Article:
Roseville Tax Resolution Lawyer
Making sure that taxes are filed properly and that all records are well-kept is an important part of maintaining financial success and stability. Filing the proper taxes each year and paying any outstanding debts as quickly as possible ensures good standing with the IRS and no penalties.
Some individuals, however, find themselves unable to pay back their taxes or make the necessary payments, so they begin to fall behind. If that continues for any period of time, they could face severe penalties from the IRS including lost wages and significant fines. The team at Coggins Law can help clients discover which tax resolution best meets their needs so that their debt can be cleared as quickly as possible.
What Is a Tax Resolution?
There are certain circumstances when an individual is unable to pay their taxes upfront or gets behind on a payment plan. These situations are frustrating and can feel overwhelming, but the IRS and other governing bodies have anticipated them. There are options and plans in place to provide additional support and options to those who are unable to pay.
These options are considered tax resolutions, which are essentially a way for an individual or a business to resolve their tax debt and return to good standing with the IRS. These resolutions often include payment plans, or other structures, to ensure that the debt is paid in as little time as possible.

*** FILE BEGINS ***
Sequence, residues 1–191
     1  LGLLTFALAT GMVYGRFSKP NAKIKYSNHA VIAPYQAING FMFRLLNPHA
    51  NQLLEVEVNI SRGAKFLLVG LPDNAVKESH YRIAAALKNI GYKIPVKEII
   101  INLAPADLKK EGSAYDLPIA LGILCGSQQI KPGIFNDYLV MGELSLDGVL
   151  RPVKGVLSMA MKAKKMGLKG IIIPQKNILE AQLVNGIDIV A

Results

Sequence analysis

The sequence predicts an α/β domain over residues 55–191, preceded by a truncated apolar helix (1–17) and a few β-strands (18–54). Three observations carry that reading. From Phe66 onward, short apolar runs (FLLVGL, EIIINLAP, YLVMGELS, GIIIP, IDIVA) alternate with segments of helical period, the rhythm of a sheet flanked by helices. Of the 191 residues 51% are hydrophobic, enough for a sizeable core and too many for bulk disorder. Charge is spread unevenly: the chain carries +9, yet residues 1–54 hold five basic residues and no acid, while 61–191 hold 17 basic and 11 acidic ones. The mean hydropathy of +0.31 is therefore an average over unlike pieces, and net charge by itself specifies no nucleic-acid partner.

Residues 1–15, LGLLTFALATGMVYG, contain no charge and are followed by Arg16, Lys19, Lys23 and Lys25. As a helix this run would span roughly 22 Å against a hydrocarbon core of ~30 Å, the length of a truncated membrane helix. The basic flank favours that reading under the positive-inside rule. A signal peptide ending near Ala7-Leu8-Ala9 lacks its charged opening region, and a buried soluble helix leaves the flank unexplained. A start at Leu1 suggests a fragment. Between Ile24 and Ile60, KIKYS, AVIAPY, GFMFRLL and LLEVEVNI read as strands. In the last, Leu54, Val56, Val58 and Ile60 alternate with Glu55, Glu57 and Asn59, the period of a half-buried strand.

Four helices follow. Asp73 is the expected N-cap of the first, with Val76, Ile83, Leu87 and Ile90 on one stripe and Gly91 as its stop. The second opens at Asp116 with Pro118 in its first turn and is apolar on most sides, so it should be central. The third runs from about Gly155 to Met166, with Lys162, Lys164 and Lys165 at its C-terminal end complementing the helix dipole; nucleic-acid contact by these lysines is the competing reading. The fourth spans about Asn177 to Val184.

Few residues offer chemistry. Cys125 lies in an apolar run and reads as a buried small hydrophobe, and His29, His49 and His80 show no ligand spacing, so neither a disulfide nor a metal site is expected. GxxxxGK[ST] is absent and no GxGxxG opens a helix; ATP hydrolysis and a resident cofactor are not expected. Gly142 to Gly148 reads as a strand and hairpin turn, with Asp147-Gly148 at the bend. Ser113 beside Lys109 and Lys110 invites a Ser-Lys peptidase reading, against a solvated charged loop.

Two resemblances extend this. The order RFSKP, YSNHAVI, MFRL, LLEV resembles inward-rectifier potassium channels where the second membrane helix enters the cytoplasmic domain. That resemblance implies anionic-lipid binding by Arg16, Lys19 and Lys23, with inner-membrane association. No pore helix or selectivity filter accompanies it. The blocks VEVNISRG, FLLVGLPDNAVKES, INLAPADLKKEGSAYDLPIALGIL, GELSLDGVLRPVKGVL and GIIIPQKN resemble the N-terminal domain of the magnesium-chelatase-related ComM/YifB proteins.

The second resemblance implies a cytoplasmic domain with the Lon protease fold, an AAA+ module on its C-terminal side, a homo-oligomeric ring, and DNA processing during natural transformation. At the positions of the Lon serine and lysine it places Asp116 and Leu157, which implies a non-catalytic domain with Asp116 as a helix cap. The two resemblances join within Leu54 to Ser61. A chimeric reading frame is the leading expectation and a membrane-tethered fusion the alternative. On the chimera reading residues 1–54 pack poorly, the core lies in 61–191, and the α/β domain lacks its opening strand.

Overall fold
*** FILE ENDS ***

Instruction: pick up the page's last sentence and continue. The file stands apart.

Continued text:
Types of Tax Resolution
There are several types of tax resolutions, each one available to those who qualify for it. Some have been created for individuals who are struggling with tax payments for the first time. Others are meant for individuals or businesses that have fallen behind on their taxes in a major way, sometimes not filing taxes for years. The most extreme cases require the most significant responses, so there are also tax resolutions in place if and when it happens.
The following are a few of the most common tax resolutions:
- IRS Fresh Start Program – This program was created specifically to help people who had fallen behind on taxes for the first time. The program was launched in 2011 and has seen a few significant changes since that time. The changes have primarily centered on expanding the program so that it is accessible to a wider range of students. It is available for anyone with a tax debt of $50,000 or less. Fresh Start offers payment plans and other options to help those involved pay off their debt within six years.
- Installment and Payment Plans – Another option to pay off a tax debt is an installment plan. There are two primary types of installment plans, and they each carry their own stipulations. The Guaranteed Installment Agreement is for those who have a clean tax record over the years and currently have less than $10,00 in tax debt. This plan allows those who are unable to pay the full amount the opportunity to make a plan and pay back the debt within three years. The Streamlined Installment Agreement is for those with $25,000 or less in tax debt, but this agreement must be paid off in 5 years. It is important in these agreements that the debt is paid as quickly as possible so that less interest and fees will be collected.